Preview: Noxer "The Book of the Dead" at Low Brow Artique
Noxer has been bombing the streets for over twenty years. Not many writers can boast such longevity in their career. For his first solo show The Book of the Dead at Low Brow Artique in Brooklyn, he focuses on Egyptian themes and new styles but never strays from graffiti completely.
He’s infamous for his intimidating horror-movie interview in State Your Name, but now you can experience another side of his work. He’s been studying Egyptian art and the influences show as you can see in these recent sketchbook pages. He didn’t want to reveal any of the art that will actually be in the show, but said that the page of the animal-headed figure in the cloak inspired the direction. Also included below are examples of other themes that recur throughout his art.
Although he is a quintessential example of a “mad bomber” getting up in the roughest neighborhoods, unafraid of beef, always going hard and never quits, he also does quiet drawings of Brooklyn brownstones, water-colored pieces, and intricate illustrations that display a wide range of interests. But he always returns to the raw tag, the throw-up, the piece and the character, where he revels in the unique, the imaginative and the twisted. Like his RIS crew compatriots, Ghost and Reas in particular, he has created a singular style that is hardcore and cartoony, psychodelic and experimental, avant and grimy. Check out his essay in the book Rockin’ It Suckers, which reveals a calculated and aware writer who understands environment and strategy as well as aesthetics and materials.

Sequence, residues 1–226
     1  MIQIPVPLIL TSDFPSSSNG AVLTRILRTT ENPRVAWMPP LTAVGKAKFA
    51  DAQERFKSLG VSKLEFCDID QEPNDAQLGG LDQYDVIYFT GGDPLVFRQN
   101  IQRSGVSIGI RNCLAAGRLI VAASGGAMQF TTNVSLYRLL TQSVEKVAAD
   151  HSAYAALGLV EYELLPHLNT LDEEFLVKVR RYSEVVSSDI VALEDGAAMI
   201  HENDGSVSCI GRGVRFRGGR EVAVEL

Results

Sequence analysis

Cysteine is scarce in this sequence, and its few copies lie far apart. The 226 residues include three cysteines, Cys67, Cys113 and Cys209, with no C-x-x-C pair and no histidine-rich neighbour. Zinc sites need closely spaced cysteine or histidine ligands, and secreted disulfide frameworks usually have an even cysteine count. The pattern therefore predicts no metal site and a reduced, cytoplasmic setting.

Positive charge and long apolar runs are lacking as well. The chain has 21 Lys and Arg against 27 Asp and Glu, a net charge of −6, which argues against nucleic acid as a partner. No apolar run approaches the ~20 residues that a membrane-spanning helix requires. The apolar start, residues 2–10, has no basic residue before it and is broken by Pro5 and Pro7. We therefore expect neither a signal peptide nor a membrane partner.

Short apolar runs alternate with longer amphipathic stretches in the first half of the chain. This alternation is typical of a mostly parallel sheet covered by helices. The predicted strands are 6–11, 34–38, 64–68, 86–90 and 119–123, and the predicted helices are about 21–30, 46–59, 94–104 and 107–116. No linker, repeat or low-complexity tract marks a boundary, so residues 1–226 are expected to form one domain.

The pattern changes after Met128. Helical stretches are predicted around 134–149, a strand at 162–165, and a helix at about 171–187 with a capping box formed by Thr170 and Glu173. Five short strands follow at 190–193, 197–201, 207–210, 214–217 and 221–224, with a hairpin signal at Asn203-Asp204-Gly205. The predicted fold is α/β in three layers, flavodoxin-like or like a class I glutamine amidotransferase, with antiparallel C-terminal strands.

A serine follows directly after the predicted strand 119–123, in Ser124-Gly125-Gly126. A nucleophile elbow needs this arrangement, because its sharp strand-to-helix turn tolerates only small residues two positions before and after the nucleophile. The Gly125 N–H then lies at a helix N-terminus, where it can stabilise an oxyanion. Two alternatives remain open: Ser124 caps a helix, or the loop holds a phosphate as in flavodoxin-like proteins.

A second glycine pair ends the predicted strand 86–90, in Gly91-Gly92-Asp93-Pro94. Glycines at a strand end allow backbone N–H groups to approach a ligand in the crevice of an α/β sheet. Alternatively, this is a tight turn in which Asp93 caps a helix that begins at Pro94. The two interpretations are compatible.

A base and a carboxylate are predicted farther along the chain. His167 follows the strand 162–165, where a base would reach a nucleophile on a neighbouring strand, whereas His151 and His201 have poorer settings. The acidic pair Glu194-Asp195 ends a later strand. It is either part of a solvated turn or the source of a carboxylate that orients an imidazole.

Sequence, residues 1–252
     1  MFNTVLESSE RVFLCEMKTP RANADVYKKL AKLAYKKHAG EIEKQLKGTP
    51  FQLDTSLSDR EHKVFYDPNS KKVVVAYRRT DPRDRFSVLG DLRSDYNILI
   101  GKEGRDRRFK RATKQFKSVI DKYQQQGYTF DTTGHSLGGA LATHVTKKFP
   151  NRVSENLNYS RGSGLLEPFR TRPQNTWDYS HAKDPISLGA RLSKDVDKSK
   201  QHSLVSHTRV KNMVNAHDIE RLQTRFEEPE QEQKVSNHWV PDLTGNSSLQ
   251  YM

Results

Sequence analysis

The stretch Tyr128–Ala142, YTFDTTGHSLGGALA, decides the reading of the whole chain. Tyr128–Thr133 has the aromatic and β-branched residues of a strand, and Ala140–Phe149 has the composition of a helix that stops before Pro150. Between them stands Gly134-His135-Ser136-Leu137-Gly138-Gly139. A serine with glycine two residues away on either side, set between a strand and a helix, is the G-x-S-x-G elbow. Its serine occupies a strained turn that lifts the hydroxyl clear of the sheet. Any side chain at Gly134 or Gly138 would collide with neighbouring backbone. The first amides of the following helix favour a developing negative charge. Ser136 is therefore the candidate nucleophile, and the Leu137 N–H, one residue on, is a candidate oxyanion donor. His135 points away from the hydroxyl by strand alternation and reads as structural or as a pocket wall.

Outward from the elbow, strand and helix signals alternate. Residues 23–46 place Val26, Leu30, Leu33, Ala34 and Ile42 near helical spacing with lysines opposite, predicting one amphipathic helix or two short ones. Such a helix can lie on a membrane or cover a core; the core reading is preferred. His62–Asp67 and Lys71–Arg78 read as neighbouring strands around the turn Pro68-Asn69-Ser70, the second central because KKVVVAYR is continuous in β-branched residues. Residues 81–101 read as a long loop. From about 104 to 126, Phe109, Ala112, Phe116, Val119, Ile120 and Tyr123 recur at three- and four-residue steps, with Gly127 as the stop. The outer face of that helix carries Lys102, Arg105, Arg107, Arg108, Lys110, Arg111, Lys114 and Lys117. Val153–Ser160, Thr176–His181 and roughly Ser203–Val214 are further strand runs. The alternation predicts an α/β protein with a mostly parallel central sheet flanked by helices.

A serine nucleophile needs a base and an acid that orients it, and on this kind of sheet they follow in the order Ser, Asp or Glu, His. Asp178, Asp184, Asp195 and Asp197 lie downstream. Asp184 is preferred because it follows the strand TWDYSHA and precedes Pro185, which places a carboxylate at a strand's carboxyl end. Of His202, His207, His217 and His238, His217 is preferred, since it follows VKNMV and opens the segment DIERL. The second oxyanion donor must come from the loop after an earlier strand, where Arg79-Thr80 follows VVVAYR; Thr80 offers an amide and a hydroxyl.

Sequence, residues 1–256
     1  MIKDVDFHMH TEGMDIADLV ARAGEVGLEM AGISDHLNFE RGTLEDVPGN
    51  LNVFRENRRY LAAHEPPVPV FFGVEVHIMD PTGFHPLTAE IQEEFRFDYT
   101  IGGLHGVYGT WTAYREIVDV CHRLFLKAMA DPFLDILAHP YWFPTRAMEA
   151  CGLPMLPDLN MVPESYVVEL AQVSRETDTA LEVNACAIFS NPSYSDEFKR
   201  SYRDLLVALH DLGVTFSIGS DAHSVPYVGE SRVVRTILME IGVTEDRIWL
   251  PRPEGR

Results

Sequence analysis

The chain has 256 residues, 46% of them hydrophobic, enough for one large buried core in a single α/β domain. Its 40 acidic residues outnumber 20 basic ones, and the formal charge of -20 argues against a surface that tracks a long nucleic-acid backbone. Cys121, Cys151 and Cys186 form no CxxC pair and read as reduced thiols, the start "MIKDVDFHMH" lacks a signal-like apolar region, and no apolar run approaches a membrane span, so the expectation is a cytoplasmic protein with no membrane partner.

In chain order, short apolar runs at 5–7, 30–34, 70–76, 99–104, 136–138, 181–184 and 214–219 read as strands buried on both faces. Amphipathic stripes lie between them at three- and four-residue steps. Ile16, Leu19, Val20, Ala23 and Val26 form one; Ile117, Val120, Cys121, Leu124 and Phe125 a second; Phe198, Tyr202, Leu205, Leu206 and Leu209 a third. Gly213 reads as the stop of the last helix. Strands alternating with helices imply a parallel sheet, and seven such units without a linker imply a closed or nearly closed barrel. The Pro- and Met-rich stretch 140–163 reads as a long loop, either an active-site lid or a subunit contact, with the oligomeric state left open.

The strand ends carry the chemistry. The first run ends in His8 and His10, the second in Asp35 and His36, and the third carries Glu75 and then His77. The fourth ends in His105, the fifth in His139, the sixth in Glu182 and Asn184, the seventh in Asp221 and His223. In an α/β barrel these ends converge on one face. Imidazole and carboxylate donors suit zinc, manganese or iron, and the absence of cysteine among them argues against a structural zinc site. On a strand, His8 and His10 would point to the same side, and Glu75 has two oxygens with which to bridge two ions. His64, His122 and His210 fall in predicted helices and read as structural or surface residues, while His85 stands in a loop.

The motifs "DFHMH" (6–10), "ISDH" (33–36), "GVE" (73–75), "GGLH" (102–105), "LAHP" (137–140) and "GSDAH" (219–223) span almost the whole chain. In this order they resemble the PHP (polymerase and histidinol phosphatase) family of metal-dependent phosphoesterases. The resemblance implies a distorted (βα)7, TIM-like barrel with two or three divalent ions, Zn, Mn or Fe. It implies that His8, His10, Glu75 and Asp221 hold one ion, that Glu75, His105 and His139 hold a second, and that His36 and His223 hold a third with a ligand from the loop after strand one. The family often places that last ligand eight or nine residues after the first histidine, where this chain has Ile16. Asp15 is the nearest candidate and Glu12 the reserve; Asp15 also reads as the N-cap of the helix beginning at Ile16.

Noxer has appeared in countless other books and magazines and is all over the internet, although using it infrequently himself. He has worked with Ket on many projects including Marc Ecko’s video game Getting Up and on art for a Yelawolf music video. Recently, the curator of this exhibition, Jowy Romano, published Noxer’s first zine, entitled No Love, which, like his sketchbooks, is varied in content and fascinating to read.
Noxer deserves reflection on and recognition for all the different aspects of his art. I’m sure there are a few people would like to catch up with him and “discuss” some shit as well. But for most of us, after experiencing his work for years on the streets, we hope that this is the beginning of many more indoors as well.
Text: Daniel Feral
Photo: LunaPark, Jowy Romano, Will Fitzgerald, and Daniel Feral